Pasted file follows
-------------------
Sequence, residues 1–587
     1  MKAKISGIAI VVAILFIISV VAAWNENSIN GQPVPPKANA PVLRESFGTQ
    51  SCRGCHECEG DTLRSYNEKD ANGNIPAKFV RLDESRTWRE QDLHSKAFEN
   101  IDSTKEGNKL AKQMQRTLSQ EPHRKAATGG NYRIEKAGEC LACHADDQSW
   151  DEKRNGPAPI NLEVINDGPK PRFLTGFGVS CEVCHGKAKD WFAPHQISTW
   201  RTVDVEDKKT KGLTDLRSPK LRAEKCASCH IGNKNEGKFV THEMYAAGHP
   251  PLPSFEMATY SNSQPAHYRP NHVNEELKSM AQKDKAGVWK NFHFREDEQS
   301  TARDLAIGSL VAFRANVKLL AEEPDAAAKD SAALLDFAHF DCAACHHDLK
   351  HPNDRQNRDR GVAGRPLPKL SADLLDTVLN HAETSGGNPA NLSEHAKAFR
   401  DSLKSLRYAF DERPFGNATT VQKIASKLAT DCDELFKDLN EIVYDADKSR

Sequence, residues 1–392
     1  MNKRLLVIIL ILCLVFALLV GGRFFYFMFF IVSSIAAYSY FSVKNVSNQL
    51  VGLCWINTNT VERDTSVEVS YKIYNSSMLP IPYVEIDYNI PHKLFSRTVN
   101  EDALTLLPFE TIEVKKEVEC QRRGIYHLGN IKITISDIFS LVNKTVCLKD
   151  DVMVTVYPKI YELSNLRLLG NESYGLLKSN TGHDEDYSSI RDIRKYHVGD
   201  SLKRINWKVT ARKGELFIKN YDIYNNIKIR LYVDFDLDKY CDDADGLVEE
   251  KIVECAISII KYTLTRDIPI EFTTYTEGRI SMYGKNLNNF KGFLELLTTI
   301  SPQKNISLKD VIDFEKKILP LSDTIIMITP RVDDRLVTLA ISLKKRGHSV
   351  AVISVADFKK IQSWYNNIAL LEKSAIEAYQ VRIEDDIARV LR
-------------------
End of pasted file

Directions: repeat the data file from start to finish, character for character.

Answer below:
Sequence, residues 1–587
     1  MKAKISGIAI VVAILFIISV VAAWNENSIN GQPVPPKANA PVLRESFGTQ
    51  SCRGCHECEG DTLRSYNEKD ANGNIPAKFV RLDESRTWRE QDLHSKAFEN
   101  IDSTKEGNKL AKQMQRTLSQ EPHRKAATGG NYRIEKAGEC LACHADDQSW
   151  DEKRNGPAPI NLEVINDGPK PRFLTGFGVS CEVCHGKAKD WFAPHQISTW
   201  RTVDVEDKKT KGLTDLRSPK LRAEKCASCH IGNKNEGKFV THEMYAAGHP
   251  PLPSFEMATY SNSQPAHYRP NHVNEELKSM AQKDKAGVWK NFHFREDEQS
   301  TARDLAIGSL VAFRANVKLL AEEPDAAAKD SAALLDFAHF DCAACHHDLK
   351  HPNDRQNRDR GVAGRPLPKL SADLLDTVLN HAETSGGNPA NLSEHAKAFR
   401  DSLKSLRYAF DERPFGNATT VQKIASKLAT DCDELFKDLN EIVYDADKSR

Sequence, residues 1–392
     1  MNKRLLVIIL ILCLVFALLV GGRFFYFMFF IVSSIAAYSY FSVKNVSNQL
    51  VGLCWINTNT VERDTSVEVS YKIYNSSMLP IPYVEIDYNI PHKLFSRTVN
   101  EDALTLLPFE TIEVKKEVEC QRRGIYHLGN IKITISDIFS LVNKTVCLKD
   151  DVMVTVYPKI YELSNLRLLG NESYGLLKSN TGHDEDYSSI RDIRKYHVGD
   201  SLKRINWKVT ARKGELFIKN YDIYNNIKIR LYVDFDLDKY CDDADGLVEE
   251  KIVECAISII KYTLTRDIPI EFTTYTEGRI SMYGKNLNNF KGFLELLTTI
   301  SPQKNISLKD VIDFEKKILP LSDTIIMITP RVDDRLVTLA ISLKKRGHSV
   351  AVISVADFKK IQSWYNNIAL LEKSAIEAYQ VRIEDDIARV LR